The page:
Jump to ContentJump to Main Navigation
Standing ApartMormon Historical Consciousness and the Concept of Apostasy$
Users without a subscription are not able to see the full content.

Miranda Wilcox and John D. Young

Print publication date: 2014

Print ISBN-13: 9780199348138

Published to Oxford Scholarship Online: June 2014

DOI: 10.1093/acprof:oso/9780199348138.001.0001

Show Summary Details
Page of

PRINTED FROM OXFORD SCHOLARSHIP ONLINE (www.oxfordscholarship.com). (c) Copyright Oxford University Press, 2019. All Rights Reserved. Under the terms of the licence agreement, an individual user may print out a PDF of a single chapter of a monograph in OSO for personal use (for details see www.oxfordscholarship.com/page/privacy-policy).date: 21 July 2019

“Complexity and Richness”

“Complexity and Richness”

Reenvisioning the Middle Ages for Mormon Historical Narratives

Chapter:
(p.242) 10 “Complexity and Richness”
Source:
Standing Apart
Author(s):

Spencer E. Young

Publisher:
Oxford University Press
DOI:10.1093/acprof:oso/9780199348138.003.0010

This chapter reveals that the LDS characterization of the Middle Ages as a period of spiritual darkness is inadequate given the complexity and richness of religious experience among medieval Christians. It examines the oft-disparaged late medieval practice of indulgences in the context of the Catholic theology of salvation and compares it with the sometimes controversial LDS practice of performing ordinances for the dead. In the process, the chapter identifies similarities and differences between medieval and Mormon conceptions of the soteriological necessity of reciprocal relations between the living and the dead.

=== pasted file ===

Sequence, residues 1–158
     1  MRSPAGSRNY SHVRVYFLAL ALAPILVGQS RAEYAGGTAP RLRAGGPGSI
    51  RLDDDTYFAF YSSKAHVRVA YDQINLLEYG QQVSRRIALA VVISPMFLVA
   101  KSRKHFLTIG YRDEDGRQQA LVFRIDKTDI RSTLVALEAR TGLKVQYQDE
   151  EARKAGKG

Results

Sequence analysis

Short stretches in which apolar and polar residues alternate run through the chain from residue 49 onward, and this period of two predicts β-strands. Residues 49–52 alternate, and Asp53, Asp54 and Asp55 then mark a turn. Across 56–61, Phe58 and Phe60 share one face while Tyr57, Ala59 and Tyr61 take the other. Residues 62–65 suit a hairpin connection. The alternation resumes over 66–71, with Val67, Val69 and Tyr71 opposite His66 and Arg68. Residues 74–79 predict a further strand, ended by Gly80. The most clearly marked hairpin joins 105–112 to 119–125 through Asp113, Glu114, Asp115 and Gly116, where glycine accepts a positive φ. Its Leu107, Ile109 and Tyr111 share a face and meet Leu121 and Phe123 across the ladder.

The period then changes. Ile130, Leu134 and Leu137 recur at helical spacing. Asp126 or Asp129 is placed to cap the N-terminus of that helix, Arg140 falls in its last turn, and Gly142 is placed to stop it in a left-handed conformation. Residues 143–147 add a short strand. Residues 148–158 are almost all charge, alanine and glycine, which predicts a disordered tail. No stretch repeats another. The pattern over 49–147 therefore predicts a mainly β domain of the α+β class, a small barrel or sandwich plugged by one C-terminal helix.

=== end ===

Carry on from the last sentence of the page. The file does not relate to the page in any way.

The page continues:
Keywords:   Middle Ages, indulgences, Alexander Morrison, Tad R. Callister, baptism for the dead, treasury of merits doctrine, exempla collections, soteriology, James L. Barker

Oxford Scholarship Online requires a subscription or purchase to access the full text of books within the service. Public users can however freely search the site and view the abstracts and keywords for each book and chapter.

Please, subscribe or login to access full text content.

If you think you should have access to this title, please contact your librarian.

To troubleshoot, please check our FAQs , and if you can't find the answer there, please contact us .